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November 21 Philadelphia Inquirer:
“Following Friday’s 90-79 win over the Milwaukee Bucks, the 76ers were given the day off Saturday. Sixers center Spencer Hawes had a full day of activity, however, and he couldn’t have been happier.
Hawes hosted, at the Cherry Hill Armory, members of the National Guard who will soon be deployed to Afghanistan.
The guardsmen will likely leave by the end of the year for 30 days of training at Fort Lewis in Washington state before going to Afghanistan. Their total tour of duty will last about a year.
In an event called “Salute to Our Troops,” Hawes hosted 76 military members and their families. He donated a Thanksgiving basket, which included a turkey, met with military men and women and their families, posed for pictures, and signed autographs.
“It’s just inspiring to be around these people,” Hawes said. “For all the sacrifices they make for our country, it was an honor to get to meet so many great people.”
One could see how inspired Hawes was after talking to a few of the soon-to-be-deployed guardsmen.
“I’m excited to help my country,” said Chris Bixby, 35, of Elk Township.
Added Jose Ayala, 23, of Hammonton: “It’s something I feel needs to be done, and any sacrifice is worth helping the country.”
Hawes was accompanied by Sixers mascot Hip-Hop, who, when he wasn’t flirting with women was making many of the children and adults laugh with his antics.
This was such an important event to Hawes that his mother, Lisa, flew in earlier in the week from Washington state to spend time with him and attend on Saturday.
This is Hawes’ first year with the Sixers after spending his first three seasons with the Sacramento Kings. His mother said that while in Sacramento, Hawes also was part of programs that honored military members.
“He’s very patriotic and supportive toward military members,” Lisa Hawes said. “I’m much prouder of what he has done [with] these situations than of him playing basketball.”
As impressed as Hawes was with all the people he met, the Sixers center also left a favorable impression.”
November 21 Camden Courier-Post columnist Martin Frank:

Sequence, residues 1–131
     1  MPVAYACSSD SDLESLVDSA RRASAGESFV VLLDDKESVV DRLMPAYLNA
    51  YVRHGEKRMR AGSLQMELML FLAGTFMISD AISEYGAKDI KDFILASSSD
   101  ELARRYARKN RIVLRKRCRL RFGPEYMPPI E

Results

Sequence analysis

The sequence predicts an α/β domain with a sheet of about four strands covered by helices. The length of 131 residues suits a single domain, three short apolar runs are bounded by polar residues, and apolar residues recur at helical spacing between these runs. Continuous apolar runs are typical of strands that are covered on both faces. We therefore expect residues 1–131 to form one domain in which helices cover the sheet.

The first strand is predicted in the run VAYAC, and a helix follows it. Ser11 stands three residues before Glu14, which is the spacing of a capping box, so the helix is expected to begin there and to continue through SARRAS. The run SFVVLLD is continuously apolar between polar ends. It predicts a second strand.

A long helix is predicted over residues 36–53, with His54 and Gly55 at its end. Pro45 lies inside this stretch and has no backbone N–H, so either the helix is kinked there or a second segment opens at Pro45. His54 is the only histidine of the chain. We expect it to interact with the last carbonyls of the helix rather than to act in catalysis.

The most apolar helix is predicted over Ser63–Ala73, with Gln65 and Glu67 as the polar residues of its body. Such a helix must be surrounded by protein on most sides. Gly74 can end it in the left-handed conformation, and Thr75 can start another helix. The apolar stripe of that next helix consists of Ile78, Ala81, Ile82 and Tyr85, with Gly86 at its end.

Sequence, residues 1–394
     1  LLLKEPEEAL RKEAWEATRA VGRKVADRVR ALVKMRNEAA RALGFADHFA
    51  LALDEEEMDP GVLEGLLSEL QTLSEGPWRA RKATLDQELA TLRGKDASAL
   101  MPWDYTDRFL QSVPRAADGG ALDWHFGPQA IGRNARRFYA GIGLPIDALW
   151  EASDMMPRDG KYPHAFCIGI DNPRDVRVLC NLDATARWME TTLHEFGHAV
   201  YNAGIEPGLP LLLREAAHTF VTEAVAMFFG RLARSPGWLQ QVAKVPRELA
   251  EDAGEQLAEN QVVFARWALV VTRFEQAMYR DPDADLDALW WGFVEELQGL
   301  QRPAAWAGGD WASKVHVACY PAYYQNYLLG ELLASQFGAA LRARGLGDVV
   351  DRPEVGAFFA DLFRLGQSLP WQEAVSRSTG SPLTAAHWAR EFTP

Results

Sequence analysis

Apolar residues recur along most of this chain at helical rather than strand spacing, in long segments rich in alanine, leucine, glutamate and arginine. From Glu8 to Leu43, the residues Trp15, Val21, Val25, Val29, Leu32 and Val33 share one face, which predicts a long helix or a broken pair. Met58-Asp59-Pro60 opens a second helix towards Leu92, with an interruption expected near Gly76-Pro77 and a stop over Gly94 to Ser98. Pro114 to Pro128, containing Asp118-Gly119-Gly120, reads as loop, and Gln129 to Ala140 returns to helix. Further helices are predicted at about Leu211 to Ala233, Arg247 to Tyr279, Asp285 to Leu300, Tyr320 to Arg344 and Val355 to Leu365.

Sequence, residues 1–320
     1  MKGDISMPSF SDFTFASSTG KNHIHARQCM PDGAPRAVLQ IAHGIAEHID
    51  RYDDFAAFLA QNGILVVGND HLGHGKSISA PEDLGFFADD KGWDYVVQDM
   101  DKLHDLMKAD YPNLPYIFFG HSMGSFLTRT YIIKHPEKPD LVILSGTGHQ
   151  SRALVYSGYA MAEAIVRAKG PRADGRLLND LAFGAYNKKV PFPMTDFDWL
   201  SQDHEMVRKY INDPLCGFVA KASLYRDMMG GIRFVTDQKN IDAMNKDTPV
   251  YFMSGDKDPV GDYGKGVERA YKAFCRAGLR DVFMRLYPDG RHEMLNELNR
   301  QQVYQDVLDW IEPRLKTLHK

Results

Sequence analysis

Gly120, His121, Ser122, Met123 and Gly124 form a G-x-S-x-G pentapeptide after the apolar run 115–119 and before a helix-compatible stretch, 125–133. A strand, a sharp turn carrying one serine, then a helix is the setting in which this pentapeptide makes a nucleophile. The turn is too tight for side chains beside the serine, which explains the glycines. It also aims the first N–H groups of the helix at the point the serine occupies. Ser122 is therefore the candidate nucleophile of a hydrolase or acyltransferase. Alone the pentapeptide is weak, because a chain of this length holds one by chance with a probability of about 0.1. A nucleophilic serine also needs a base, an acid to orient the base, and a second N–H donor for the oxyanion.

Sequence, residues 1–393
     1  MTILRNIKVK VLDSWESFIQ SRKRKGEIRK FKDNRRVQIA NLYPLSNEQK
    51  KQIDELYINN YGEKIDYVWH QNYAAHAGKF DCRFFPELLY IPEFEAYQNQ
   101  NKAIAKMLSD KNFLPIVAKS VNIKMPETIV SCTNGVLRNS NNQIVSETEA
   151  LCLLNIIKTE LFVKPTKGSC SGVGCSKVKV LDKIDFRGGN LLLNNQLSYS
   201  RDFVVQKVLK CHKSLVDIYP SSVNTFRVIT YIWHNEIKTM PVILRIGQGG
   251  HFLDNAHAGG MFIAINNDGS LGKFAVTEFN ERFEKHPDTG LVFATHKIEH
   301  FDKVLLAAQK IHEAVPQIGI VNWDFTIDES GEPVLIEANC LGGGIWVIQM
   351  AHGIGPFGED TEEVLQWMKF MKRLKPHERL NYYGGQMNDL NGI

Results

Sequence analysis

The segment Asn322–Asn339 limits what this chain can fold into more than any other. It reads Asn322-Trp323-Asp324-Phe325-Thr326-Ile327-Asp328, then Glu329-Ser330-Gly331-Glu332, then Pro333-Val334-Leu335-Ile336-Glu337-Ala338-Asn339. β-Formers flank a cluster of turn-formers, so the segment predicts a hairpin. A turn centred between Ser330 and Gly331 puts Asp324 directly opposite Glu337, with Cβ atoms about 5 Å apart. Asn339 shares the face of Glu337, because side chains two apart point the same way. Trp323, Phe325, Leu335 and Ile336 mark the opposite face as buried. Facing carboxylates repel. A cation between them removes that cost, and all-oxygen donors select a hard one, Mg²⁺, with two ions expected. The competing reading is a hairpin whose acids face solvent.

“Last season, the blame for the Sixers‘ demise fell squarely on the shoulders of former coach Eddie Jordan.
The refrain went something like this: His Princeton offense didn’t work on a team with no outside shooters or inside presence. He had no defensive philosophy. He didn’t get along with his players. He messed up Thaddeus Young’s confidence. And so on.
So who gets the blame for the Sixers‘ plight this season?
The common knowledge was, with Doug Collins replacing Jordan as coach, the Sixers had to be at least a little bit better than their 27-55 mark last season.
After all, they couldn’t be any worse.
Well, we’re finding out through a 3-10 start that, yes, the Sixers can be worse.
But the question is why?
On April 4, 2009, the Sixers were 40-35 and half a game away from getting the No. 5 seed in the Eastern Conference playoffs. Young was a rising star. Marreese Speights, then a rookie, showed promise. Lou Williams was a lethal scorer off the bench.
And while Andre Iguodala needed someone to be the primary scorer, he was talked about as a possible All-Star.
The Sixers took the heavily favored Orlando Magic to six games in the first round of the playoffs before losing.
So when Jordan was hired after that season, his Princeton offense was supposed to find a way to incorporate Elton Brand, Iguodala and Young into a trio of 20-point scorers as he had in Washington (Gilbert Arenas, Caron Butler, Antawn Jamison).”
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